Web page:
Neglected Skies: The Demise of British Naval Power in the Far East, 1922-42
Angus Britts. Naval Institute Press, Annapolis, MD (2017).
Reviewed by Joseph Moretz, Ph D
Of the many years of fiscal stringency preceding the Second World War, Admiral Sir Herbert Richmond observed that a ‘two-ocean empire cannot be defended by a one-ocean navy.’ That dilemma ever faced the Admiralty in 1939 as it attempted to secure command of the seas near the British Isles and in the Mediterranean when facing Germany and was not abetted when Italy opted for belligerency in 1940. Difficult to achieve then, the task became insuperable following the fall of France when a bellicose Japan now occupied Indochina bringing land-based airpower that much closer to Australia, New Zealand and Malaya. British planners understood the peril of the Axis acting in concert and framed their prewar maritime strategy accordingly. Unfortunately, Italy in 1939, much as it had in 1914, sat on the sidelines and initially played the role of an unfriendly neutral. Thus, Britain was not free to strike a blow against the Italian Navy and then deploy its fleet eastward to forestall any Japanese moves arising in the Pacific.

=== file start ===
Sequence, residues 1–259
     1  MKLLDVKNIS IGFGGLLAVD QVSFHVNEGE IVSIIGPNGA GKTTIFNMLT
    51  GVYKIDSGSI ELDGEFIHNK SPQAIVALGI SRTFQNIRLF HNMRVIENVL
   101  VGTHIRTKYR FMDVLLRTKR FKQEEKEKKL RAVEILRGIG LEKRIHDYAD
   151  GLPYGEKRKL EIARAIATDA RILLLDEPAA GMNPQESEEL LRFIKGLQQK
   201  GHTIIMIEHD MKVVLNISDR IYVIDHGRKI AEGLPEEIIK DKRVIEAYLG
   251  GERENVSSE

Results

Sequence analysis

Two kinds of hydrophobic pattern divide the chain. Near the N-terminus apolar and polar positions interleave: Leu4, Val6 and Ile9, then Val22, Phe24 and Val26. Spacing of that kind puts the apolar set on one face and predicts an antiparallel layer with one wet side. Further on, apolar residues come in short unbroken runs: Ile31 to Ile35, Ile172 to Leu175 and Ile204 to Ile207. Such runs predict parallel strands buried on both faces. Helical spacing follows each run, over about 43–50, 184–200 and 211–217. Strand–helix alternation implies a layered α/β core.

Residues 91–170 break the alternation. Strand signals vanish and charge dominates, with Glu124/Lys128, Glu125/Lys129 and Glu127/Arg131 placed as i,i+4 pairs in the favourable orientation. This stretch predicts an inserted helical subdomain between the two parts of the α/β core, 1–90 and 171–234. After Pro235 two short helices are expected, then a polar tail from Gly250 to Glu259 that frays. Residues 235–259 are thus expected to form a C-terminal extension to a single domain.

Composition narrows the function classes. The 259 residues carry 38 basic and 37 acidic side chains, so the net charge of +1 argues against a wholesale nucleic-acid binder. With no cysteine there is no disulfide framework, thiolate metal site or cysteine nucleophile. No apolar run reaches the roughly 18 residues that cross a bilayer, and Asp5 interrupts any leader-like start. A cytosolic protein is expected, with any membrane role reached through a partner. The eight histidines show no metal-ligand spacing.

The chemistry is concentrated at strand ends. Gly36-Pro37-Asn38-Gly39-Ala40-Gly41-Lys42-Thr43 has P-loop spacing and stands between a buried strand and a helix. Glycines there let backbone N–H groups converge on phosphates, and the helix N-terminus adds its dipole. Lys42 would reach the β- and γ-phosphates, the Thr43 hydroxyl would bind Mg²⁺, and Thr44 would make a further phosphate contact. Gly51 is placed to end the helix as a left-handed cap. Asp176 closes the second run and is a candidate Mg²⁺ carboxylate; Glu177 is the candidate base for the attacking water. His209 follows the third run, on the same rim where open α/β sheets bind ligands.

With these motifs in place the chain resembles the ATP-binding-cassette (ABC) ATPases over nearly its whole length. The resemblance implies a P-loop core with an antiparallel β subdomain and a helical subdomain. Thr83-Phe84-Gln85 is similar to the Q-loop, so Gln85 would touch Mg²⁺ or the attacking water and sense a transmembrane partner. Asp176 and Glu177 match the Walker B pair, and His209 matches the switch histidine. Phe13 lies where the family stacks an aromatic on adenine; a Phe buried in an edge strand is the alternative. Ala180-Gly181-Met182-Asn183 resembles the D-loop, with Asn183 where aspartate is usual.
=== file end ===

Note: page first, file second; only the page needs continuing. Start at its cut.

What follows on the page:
The efficacy of Britain’s initial strategy cannot be measured, but the actual alternative realized witnessed a Royal Navy diminished in a series of campaigns and engagements against the two European Axis partners. This made meeting the Imperial Japanese Navy in 1941-42 on anything approaching equal terms extremely problematic, as British air and naval resources remained fully committed to the European War. Owing to the dynamics of imperial relations and prior commitments made, Britain could not expressly follow a strategy anchored on sequential operations in Europe before facing any Japanese threat. At a minimum, it had to provide a deterrent force in the Far East in 1941 or risk seeing Australia and New Zealand withdrawal its forces from the Near East to defend what Britain would not.